The plenary no-stalking, no-contact order issued against respondent pursuant to the Stalking No Contact Order Act was upheld over respondent’s contentions that the Act is unconstitutionally vague and violates both the equal protection clause and the first amendment, since the statute provides a person of ordinary intelligence a reasonable chance to know what is lawful and what is unlawful for purposes of avoiding arbitrary enforcement, and the Act exempts any lawful “exercise of the right to free speech or assembly.”
Appeal from the Circuit Court of Peoria County, No. 11-OP-457; the Hon. Albert L. Purham, Jr., Judge, presiding.
L. Lee Smith and Ambrose V. McCall (argued), both of Hinshaw & Culbertson LLP, of Peoria, for appellant.
Elisabeth R. Pollock (argued) and Andrew W.B. Bequette, both of Beckett & Webber, P.C., of Urbana, for appellee Donna Nicholson.
Lisa Madigan, Attorney General, of Chicago (Michael A. Scodro (argued), Solicitor General, and Brett E. Legner, Assistant Attorney General, of counsel), for appellee Illinois Department of Human Rights.
Justices McDade and O'Brien concurred in the judgment and opinion.
¶ 1 Respondent, Jeffrey Wilson, appeals from a plenary no-stalking, no-contact order entered July 15, 2011. The order was issued pursuant to the Stalking No Contact Order Act (Act) (740 ILCS 21/1 et seq. (West 2010)). In issuing the order, the circuit court of Peoria County rejected certain constitutional challenges to the Act. On appeal, the respondent raised, inter alia, those same constitutional challenges. The State of Illinois, through the Attorney General, sought and was granted leave by the trial court to intervene to defend the constitutionality of the Act. The State continues to be a party to the appeal. For the reasons that follow, we uphold the constitutionality of the Act.
¶ 2 FACTS
¶ 3 On April 29, 2011, Donna Nicholson, an officer of the Peoria police department, filed a verified petition for a no-stalking, no-contact order pursuant to the Act. The petition included allegations that the respondent, Jeffrey Wilson, another police officer in the same department, had engaged in allegedly inappropriate conduct toward her over the course of several years. The trial court rendered its ruling based upon two specific instances: (1) Wilson's covertly videotaping Nicholson during the fall of 2010; and (2) his use of a GPS tracking device which he placed on Nicholson's car and used to monitor her movements.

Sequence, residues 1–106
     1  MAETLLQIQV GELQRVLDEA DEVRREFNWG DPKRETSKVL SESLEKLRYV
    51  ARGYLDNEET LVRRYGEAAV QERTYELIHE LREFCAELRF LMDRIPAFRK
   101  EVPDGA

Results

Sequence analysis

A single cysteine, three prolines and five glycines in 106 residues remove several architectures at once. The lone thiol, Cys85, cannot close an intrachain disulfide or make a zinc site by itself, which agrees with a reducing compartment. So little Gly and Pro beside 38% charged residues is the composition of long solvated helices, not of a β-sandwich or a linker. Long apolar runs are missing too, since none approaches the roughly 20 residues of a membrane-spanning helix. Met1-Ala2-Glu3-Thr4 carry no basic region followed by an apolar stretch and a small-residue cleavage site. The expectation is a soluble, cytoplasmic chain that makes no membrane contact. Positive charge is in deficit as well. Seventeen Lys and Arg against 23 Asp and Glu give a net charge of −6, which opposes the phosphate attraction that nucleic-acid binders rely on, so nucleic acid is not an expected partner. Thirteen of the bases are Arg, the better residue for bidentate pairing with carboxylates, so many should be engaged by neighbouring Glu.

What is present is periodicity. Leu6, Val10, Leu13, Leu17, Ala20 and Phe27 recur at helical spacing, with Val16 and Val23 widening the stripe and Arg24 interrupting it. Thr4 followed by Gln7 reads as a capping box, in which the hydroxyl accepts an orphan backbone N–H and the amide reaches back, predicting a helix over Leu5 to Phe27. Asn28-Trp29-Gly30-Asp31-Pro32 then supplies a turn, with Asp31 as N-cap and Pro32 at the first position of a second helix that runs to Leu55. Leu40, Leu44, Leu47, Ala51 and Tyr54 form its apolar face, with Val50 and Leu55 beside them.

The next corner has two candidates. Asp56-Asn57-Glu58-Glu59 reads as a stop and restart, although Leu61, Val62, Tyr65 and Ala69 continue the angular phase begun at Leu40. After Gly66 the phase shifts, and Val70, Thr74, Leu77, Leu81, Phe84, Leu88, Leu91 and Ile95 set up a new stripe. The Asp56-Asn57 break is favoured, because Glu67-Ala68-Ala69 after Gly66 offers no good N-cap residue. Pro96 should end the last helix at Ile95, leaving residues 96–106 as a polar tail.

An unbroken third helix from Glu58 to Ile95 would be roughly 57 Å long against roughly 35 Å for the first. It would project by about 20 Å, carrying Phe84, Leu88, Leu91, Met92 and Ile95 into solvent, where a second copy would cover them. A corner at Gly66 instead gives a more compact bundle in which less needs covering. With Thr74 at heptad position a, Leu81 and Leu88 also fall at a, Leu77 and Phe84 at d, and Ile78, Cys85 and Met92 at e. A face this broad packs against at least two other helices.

¶ 4 Nicholson has been a police officer with the city of Peoria since 1991 and has worked in the vice unit since 2002. Wilson joined the Peoria police force in 1995 and was assigned to the vice unit in 2000. Wilson has been the unit technical officer since he joined the unit and was specifically assigned responsibility for the unit's video, audio, and surveillance equipment. Wilson was specially trained in electronic surveillance, GPS installation and maintenance, and surveillance equipment engineering.
¶ 5 On November 9, 2010, Lieutenant Michael Eddlemon observed a surveillance camera feed labeled "office" streaming onto the computer at Wilson's work station. Based upon Eddlemon's observation, a departmental investigation was initiated. A department computer video expert was able to establish that a hidden camera was trained on Nicholson's desk and that a pan/tilt/function had been utilized in the video recording to follow her movements around her desk and the office. Equipment records indicated that Wilson was the only officer who had access to the camera. When asked about the recordings, Wilson told his superiors that he had merely been testing the equipment and did not intend to use the camera to monitor Nicholson or anyone else. He claimed that the video must have accidentally recorded Nicholson. When Nicholson was informed that Wilson may have been videotaping her at the office, she became quite upset. She testified at the hearing that she felt victimized, betrayed, and angry that Wilson videotaped her after he had been ordered not to do so in 2008.
¶ 6 In April 2008, Nicholson had reported a similar incident where she believed that Wilson was monitoring her movements in the office by use of video cameras. Nicholson testified that she reported her suspicions to her superiors, but she did not file a formal complaint. Wilson denied ever being told by superiors not to videotape Nicholson. However, Sergeant Jerry Bainter testified that ...